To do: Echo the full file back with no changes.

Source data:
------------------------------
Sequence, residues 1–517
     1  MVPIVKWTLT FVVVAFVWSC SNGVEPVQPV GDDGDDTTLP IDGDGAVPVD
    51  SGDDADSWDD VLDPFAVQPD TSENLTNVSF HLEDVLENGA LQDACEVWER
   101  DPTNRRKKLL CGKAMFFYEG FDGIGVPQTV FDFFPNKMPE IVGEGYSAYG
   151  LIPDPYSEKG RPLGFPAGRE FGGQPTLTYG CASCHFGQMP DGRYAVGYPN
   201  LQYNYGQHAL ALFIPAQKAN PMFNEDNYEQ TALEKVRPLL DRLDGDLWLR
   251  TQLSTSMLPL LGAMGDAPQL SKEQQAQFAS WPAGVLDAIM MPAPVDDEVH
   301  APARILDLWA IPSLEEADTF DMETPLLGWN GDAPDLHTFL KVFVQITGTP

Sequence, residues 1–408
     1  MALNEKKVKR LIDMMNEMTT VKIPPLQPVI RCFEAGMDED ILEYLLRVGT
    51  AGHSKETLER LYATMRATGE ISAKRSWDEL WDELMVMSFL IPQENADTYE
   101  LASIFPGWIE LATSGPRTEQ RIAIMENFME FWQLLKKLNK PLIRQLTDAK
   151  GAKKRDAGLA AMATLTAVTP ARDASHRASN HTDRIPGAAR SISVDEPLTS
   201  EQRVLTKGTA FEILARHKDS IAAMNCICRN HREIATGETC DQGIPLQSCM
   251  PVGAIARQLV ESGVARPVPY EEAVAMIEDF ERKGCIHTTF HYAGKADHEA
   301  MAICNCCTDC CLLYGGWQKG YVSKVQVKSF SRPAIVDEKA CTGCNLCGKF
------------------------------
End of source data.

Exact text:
Sequence, residues 1–517
     1  MVPIVKWTLT FVVVAFVWSC SNGVEPVQPV GDDGDDTTLP IDGDGAVPVD
    51  SGDDADSWDD VLDPFAVQPD TSENLTNVSF HLEDVLENGA LQDACEVWER
   101  DPTNRRKKLL CGKAMFFYEG FDGIGVPQTV FDFFPNKMPE IVGEGYSAYG
   151  LIPDPYSEKG RPLGFPAGRE FGGQPTLTYG CASCHFGQMP DGRYAVGYPN
   201  LQYNYGQHAL ALFIPAQKAN PMFNEDNYEQ TALEKVRPLL DRLDGDLWLR
   251  TQLSTSMLPL LGAMGDAPQL SKEQQAQFAS WPAGVLDAIM MPAPVDDEVH
   301  APARILDLWA IPSLEEADTF DMETPLLGWN GDAPDLHTFL KVFVQITGTP

Sequence, residues 1–408
     1  MALNEKKVKR LIDMMNEMTT VKIPPLQPVI RCFEAGMDED ILEYLLRVGT
    51  AGHSKETLER LYATMRATGE ISAKRSWDEL WDELMVMSFL IPQENADTYE
   101  LASIFPGWIE LATSGPRTEQ RIAIMENFME FWQLLKKLNK PLIRQLTDAK
   151  GAKKRDAGLA AMATLTAVTP ARDASHRASN HTDRIPGAAR SISVDEPLTS
   201  EQRVLTKGTA FEILARHKDS IAAMNCICRN HREIATGETC DQGIPLQSCM
   251  PVGAIARQLV ESGVARPVPY EEAVAMIEDF ERKGCIHTTF HYAGKADHEA
   301  MAICNCCTDC CLLYGGWQKG YVSKVQVKSF SRPAIVDEKA CTGCNLCGKF